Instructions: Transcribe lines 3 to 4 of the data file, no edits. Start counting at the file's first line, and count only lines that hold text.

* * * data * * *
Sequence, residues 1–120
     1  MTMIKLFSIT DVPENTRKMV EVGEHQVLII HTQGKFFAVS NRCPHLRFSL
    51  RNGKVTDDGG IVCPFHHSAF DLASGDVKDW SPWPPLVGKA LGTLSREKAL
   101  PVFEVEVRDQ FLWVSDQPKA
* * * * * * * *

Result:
    51  RNGKVTDDGG IVCPFHHSAF DLASGDVKDW SPWPPLVGKA LGTLSREKAL
   101  PVFEVEVRDQ FLWVSDQPKA